I just added two new categories to my Feelings & Needs category list (see list on the left): fun and humor. How could they have evaded me for this long?
Just a week ago my sister saw a t-shirt with the word “serious” on it and said I *should buy it. Nothing like a sister to set things straight. It seems that focused attention on all-things-TESOL was starting to take its toll: limited utterances of joy; too many conversations about what’s wrong with the Korean education system; and a vague memory of the term joke. Then the other night I caught myself Googling “Why so serious?“. It was time for an intervention.
PLN to the rescue! It started with Anne Hendler’s self-directed plea for ease and joy in her post Best Medicine, where she put forward a challenge for others to join her in keeping track of things that made them chuckle. If it wasn’t for her, I may not have finally noticed my humor drought.
The ever inspiring and “woopingly” funny Vicky Loras was the first to take up the challenge with a delightful description of family and events that make her smile. Then this afternoon saw two more of our hilarious Twitter friends/colleagues, Kevin Stein and Laura Phelps, list up some items that had me having a healing lol at my desk. Thanks to all this inspiration, laughter came back into my life.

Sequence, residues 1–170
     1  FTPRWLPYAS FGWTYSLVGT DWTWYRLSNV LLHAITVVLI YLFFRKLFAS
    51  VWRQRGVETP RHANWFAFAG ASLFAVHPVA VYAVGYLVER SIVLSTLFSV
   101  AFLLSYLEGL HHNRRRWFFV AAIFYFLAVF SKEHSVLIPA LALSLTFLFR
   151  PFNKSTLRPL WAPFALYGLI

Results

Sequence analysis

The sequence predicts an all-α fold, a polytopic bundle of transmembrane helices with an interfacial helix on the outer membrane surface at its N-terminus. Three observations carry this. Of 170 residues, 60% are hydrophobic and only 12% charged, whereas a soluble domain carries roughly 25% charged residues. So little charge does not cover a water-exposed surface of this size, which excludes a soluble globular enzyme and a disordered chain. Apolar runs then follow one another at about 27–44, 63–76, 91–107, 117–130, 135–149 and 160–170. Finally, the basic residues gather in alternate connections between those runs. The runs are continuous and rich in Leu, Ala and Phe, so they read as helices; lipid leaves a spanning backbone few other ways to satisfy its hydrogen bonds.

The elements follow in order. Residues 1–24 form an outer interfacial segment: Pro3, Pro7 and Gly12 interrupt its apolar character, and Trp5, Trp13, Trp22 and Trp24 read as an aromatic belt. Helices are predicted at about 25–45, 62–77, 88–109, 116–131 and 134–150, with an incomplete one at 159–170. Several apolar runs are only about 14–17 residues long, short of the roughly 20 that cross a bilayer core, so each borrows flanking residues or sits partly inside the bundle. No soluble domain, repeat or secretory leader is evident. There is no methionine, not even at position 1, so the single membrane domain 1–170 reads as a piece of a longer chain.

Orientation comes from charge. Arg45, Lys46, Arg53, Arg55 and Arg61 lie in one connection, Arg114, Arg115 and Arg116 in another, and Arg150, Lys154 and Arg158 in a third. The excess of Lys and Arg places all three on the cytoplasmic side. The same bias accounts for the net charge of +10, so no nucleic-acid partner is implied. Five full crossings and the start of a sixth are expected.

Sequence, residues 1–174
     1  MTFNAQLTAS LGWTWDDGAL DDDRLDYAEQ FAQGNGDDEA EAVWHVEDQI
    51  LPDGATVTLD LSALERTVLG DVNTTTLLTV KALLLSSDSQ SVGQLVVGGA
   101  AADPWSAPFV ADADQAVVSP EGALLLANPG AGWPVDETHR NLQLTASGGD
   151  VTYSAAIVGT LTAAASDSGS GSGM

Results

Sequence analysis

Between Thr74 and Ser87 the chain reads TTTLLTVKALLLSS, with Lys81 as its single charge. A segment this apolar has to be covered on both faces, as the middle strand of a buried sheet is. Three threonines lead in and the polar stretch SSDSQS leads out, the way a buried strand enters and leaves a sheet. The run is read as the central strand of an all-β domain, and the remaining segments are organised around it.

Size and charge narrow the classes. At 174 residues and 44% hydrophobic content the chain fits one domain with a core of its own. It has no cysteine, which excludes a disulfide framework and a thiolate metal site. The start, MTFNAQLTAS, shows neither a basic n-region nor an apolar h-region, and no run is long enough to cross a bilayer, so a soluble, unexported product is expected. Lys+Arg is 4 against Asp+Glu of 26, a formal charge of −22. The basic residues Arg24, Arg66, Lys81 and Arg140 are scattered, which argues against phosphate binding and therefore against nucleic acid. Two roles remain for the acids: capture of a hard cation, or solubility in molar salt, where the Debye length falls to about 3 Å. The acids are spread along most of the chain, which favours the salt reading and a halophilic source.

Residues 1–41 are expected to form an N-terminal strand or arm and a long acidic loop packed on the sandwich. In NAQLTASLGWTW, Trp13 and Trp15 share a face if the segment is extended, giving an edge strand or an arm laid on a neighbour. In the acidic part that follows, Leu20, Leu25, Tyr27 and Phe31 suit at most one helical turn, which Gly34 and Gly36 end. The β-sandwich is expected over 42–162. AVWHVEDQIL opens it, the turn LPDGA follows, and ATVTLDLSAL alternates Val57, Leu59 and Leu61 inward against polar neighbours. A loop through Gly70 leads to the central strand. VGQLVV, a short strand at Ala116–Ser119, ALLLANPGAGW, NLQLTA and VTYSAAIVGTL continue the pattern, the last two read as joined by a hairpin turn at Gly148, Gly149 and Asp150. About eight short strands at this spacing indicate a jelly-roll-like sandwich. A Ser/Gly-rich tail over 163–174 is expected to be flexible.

Here are my first picks:
1. Sawyer in “Lost”
When I need a little downtime, I have a few go-to TV series I like to indulge in. I’m now re-watching Lost. Lost fan or not, I think you’ll understand why Sawyer’s one-liners get me all the time.
Just click and turn up your speakers. You won’t regret it. Big thanks to Mike Griffin for sharing this with me during one of my bouts of seriousness.
3. Lou and me speaking our household language: Acadian with specially added twists of exaggerated slang, franglais and turns of phrase.
This picture was taken during such a sisterly dialogue:
The words that were uttered for the picture below are what made me vargué tight (Clare Acadian for laughing wholeheartedly). Note: tight is used as an intensifier (see bigtime (adv.) or the synonyms for tight (adv.): securely; soundly.)
So while searching for videos that could give you an example of what we sound like, I came upon this:
Seeing my family name used for the parody brought a comforting chuckle. Well played (there was a mighty long list of LeBlanc’s in our phone book when I was growing up). I had forgotten how much I loved This Hour Has 22 Minutes, so that was an added laughing bonus.
Nothing like the Clare dialect delivered through the lips of a gossipeuse for a good laugh. This is the perfect example of what Lou and I sounded like at times:
- Gossiping with the gals: from the beginning to 4:30
- A little franglais svp: 18:50 – 19:35
- The classic gossipeuse phone call: 40:09 – (especially 41:43) – 42:07 (the woman on the phone, and the main character, used to be my jazz and tap dance teacher back in the day.)
Miss you Lou. Check out her rockin’ blog! Le blog musical.
4. Mullets – Mullets were a big theme on Twitter this week. I had the pleasure of teaching this word to my course participants during a culture class on stereotypes. This was the featured picture: